Is normal sleep important to someone with clinical depression?
Normal sleep is essential for everyone regardless of their physical and mental condition.
Unfortunately, people with mood disorders tend to experience more sleep disturbances than the average healthy individual. Mood disorders like clinical depression have a tendency to interrupt the normal patterns of sleep. The patient may feel overly sleepy or quite the opposite – he/she may not get a wink of sleep at night because of his/her condition.
How does depression disrupt sleep?
The most common pattern of disruption in people affected with mood disorders is frequent awakenings in the middle of the night, followed by the inability to fall asleep quickly. Compared to “half awakenings” when a person needs to empty his bladder, a full blown sleep disturbance can render a person fully awake for no reason before he can get sufficient rest at night.
Now, some depressed individuals suffer from abnormally long hours of sleep. For example, the person may fall asleep late at night and may continue to sleep past noon.
When he wakes up, he still feels mentally and physically fatigued. As a result, he will go back to bed thinking that he needs more sleep. No amount of sleep will help a person with a severe sleep disturbance because lack of sleep is not the causative agent. The causative agent in this scenario is the person’s mood disorder.
How can a depressed person improve his sleeping patterns?
If you’re presently battling depression and would like to improve your overall sleeping habits, you need to develop better sleep hygiene. You must also improve your environment and make it conducive for healthy sleep. Below are some guidelines that will help you get started on the right track:
- Turn in early. Sleeping late is never a good idea, unless you’re a healthcare professional assigned to a local emergency room. The body needs plenty of rest and the earlier you sleep in the evening, the better you will feel in the morning.
Our natural body clock requires us to sleep early and wake up early, too. Sleeping late and waking up late is completely against the natural rhythm of the body. We know that it’s a tall order to turn in early every night so just try to get to bed early at the same time every night so your body will have a more natural sleeping and waking rhythm.
What if you’re used to sleeping late?
If you’ve been sleeping late for many years now, sleeping early might be a bit more challenging in the beginning. However, it’s not impossible to modify your sleeping patterns in a few weeks’ time. Trust that your body knows how to adjust itself and allow your sleeping pattern to change.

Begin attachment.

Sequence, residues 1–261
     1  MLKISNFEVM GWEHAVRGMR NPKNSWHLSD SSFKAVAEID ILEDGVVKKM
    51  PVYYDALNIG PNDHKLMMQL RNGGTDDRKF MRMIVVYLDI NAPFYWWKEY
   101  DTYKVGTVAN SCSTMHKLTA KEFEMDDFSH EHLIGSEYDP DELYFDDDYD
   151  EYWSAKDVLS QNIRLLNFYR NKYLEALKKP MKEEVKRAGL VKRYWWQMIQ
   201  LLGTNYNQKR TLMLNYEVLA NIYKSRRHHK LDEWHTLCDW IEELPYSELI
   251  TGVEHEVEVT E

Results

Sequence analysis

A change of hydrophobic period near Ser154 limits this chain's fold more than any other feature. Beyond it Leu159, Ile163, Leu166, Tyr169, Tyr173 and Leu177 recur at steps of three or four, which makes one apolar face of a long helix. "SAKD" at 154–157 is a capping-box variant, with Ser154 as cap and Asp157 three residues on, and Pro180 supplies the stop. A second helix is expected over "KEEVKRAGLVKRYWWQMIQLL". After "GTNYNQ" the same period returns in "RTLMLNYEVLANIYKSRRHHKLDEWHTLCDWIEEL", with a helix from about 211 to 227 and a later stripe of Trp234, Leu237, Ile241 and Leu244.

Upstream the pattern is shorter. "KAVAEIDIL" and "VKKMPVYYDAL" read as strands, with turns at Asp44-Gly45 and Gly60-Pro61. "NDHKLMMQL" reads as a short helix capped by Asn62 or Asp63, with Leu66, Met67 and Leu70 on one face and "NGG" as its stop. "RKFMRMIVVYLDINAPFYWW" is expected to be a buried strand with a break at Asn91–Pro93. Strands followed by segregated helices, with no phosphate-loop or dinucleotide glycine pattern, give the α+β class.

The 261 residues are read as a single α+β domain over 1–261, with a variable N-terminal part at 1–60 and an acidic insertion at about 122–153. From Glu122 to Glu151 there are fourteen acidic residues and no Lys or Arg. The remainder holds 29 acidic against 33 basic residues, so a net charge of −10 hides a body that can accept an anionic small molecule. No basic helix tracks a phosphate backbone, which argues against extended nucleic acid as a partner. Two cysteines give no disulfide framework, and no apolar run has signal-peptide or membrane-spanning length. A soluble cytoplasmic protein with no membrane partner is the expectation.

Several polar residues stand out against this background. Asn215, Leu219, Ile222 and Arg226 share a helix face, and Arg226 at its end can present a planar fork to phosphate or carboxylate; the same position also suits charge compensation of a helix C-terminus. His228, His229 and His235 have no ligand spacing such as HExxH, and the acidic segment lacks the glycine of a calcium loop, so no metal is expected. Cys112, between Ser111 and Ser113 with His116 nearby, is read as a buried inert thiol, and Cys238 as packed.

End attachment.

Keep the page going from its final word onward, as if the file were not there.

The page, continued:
- Consistency is key. If your sleeping patterns are already abnormal, you have to exert effort in controlling your sleeping and waking hours again. For example, if you used to sleep at 1 AM and wake up at 5 AM for no reason, only to feel fatigued and sleepy the whole day, you obviously need to sleep earlier and wake up at just the right hour in the morning.
A sample solution to this disturbed sleeping pattern would be to sleep early (at around 8 p.m. or 9 p.m.) and set an alarm for 7 a.m. or 8 a.m. Every night the person must exert effort not to sleep beyond the target hour. He must also wake up in the morning at the same time regardless of what happens in the middle of the night. The use of an alarm is highly recommended. Even if the person gets only two hours of solid sleep because of the frequent awakenings at night, he must continue to wake up at seven or eight in the morning. Eventually, the new sleeping schedule will begin to influence the person’s body clock and the disturbances will be corrected.
It is still highly recommended that you consult with your psychiatrist regarding the sleep disturbances as he may be able to prescribe sleeping medication to help smoothen out your sleeping pattern. If the problem is severe, your psychiatrist may refer you to a sleep clinic where you will be examined in full to determine what could be causing the sleep problems.
Sleep clinics are found throughout the United States and elsewhere and the doctors there all specialize in bringing back normal sleeping hours to people who are suffering from all kinds of mental disorders, including those who suffer from clinical depression.